If a special event or PR stunt receives massive coverage, it’s good for the company, is not it? Actually no. PR just for PR’s sake should not exist, as in long-term perspective it does not lead to sales, reputation improvement or any other benefits for the company, and the massive attention, conquered with a lot of affords and money, may lead to nothing.
I will give you just a few examples. Look at recent fashion shows. In London Fashion Week the guests and celebrities, sitting in the front row, have become much more important than the shows itself. “For a designer, the more star power in the front row, the more social media sharing opportunities you present”, explains Amber Graafland from Daily Mirror, and it’s obviously true. Chief editors, fashion bloggers, celebrities and endorsers get the places in the front row, pose for paparazzi and make show late for additional 15 minutes till each of them would be happy with their footage and seating. The other case is celebrity endorsement on the runway: two latest collections of Tommy Hilfiger were made in collaboration with Gigi Hadid, and the major part of media buzz was around her name, her outfits and her dancing on the runway rather than any single item from the collection. Channel aw17 show at Paris Fashion Week goes even further. While all front-row celebrities and fashion editors post the pictures from the event, I have not seen a single look: all they are amazed by real space shuttle built on set and flying up 10 meters above the runway during the show. I agree, it sounds cool and fascinates, but was not the new collection a main part of the event? If I’ll follow the recent coverage in the media, seems like garments do not matter anymore. “The clothes should be paramount, and the press and retailers need to see the detail and how the clothes breathe and move”, said Ralph Lauren two years ago and he stays true to this statement. However, such houses as Channel, Dior, Gucci, Prada, Tommy Hilfiger, and some others try to substitute the fashion with spectacle.
“Designers’ creativity is compromised, journalists are running on empty and we — the famous consumers — are bombarded day and night with the ‘latest thing we must have’ if we want to be cool’”, admits Livia Firth from brand consultancy Eco-Age to WWD. She points out that while some media still treat this shows as the stories, the system does not work properly and the public may be fed up with such content quite soon.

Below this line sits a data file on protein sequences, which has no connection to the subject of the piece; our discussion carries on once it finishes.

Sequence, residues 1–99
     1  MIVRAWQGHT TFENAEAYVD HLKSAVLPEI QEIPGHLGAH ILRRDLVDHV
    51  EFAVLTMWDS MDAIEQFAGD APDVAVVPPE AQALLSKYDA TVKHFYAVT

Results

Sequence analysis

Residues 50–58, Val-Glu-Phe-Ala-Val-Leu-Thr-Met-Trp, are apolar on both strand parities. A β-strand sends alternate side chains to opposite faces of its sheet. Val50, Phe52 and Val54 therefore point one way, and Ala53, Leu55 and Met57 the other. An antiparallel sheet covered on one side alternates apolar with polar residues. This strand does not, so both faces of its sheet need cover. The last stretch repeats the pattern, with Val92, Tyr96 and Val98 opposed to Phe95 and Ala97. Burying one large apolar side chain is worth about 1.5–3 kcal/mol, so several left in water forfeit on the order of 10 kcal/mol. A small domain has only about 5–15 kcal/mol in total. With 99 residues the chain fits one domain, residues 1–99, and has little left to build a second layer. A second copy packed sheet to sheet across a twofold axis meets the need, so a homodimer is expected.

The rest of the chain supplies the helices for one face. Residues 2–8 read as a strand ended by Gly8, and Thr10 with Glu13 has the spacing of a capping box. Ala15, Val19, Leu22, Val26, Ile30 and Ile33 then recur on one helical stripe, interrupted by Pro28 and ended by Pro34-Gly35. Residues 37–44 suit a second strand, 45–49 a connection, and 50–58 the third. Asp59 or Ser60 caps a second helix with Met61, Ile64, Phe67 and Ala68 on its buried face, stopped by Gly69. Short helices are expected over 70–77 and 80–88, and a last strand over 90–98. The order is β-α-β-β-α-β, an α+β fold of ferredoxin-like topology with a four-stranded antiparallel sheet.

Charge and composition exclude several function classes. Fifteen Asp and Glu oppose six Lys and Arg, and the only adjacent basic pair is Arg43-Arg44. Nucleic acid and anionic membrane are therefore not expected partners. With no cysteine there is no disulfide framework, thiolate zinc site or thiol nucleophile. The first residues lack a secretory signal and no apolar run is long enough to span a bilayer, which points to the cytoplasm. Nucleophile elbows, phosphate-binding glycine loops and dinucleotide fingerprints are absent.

The other industry, which uses such catchy PR-stunts for the promotion of new items is tech. Remember any recent Apple or Samsung presentation: the media and users discuss the presentation itself, special guests of the shows, leaks of the information and special preparations, the products rarely go on the first place in coverage of this events.
“Apple’s much-hyped product demonstrations used to end with an emphatic “wow!”” mentions Nick Bilton in his blog at New Your Times website, and other bloggers and experts agree: media events by Apple become too predictable and similar, so the journalist got bored – and the company aims to entertain them – with the show, not with gadgets.
The reason why it happens may be quite simple: the companies have nothing new, their products are not so innovative and creative as they promised, and PR machine starts to spin to create the newsworthy cases for journalists.
Do these attempts have any positive results? We’ll see soon. But I believe that PR events should provide to media and public the real products and services, not spectacular shows and PR stunts.
Amber Graafland (2016). What is a FROW? Why fashion show front rows are more important than models, clothes or catwalks. Daily Mirror. Available from http://www.mirror.co.uk/3am/style/celebrity-fashion/what-frow-fashion-show-front-7426425.
Nick Bilton (2013). Longing for the ‘Wow’ at Apple’s Product Showcases. New Your Times Blog. Available from https://bits.blogs.nytimes.com/2013/10/23/the-repetition-of-apple-keynote-presentations-feel-boring/?_r=1.
WWD. (2015). Overheated! Is Fashion Heading for a Burnout? WWD.com. Available from http://wwd.com/fashion-news/fashion-features/fashion-designers-karl-lagerfeld-marc-jacobs-10269092/.
Yoni Heisler (2013). Have Apple media events become boring and all too predictable? engadget.com. Available from https://www.engadget.com/2013/10/30/have-apple-media-events-become-boring-and-all-too-predictable/.